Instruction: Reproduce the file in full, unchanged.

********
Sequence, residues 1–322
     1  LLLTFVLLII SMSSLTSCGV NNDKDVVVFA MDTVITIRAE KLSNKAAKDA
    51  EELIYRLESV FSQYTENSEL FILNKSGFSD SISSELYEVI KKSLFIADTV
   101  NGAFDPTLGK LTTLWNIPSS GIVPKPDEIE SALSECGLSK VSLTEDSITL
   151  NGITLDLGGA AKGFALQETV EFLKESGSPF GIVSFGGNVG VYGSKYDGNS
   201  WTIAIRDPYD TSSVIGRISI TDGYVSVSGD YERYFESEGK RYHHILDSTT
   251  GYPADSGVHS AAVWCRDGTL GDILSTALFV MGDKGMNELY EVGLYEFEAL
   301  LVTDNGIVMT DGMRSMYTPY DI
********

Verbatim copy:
Sequence, residues 1–322
     1  LLLTFVLLII SMSSLTSCGV NNDKDVVVFA MDTVITIRAE KLSNKAAKDA
    51  EELIYRLESV FSQYTENSEL FILNKSGFSD SISSELYEVI KKSLFIADTV
   101  NGAFDPTLGK LTTLWNIPSS GIVPKPDEIE SALSECGLSK VSLTEDSITL
   151  NGITLDLGGA AKGFALQETV EFLKESGSPF GIVSFGGNVG VYGSKYDGNS
   201  WTIAIRDPYD TSSVIGRISI TDGYVSVSGD YERYFESEGK RYHHILDSTT
   251  GYPADSGVHS AAVWCRDGTL GDILSTALFV MGDKGMNELY EVGLYEFEAL
   301  LVTDNGIVMT DGMRSMYTPY DI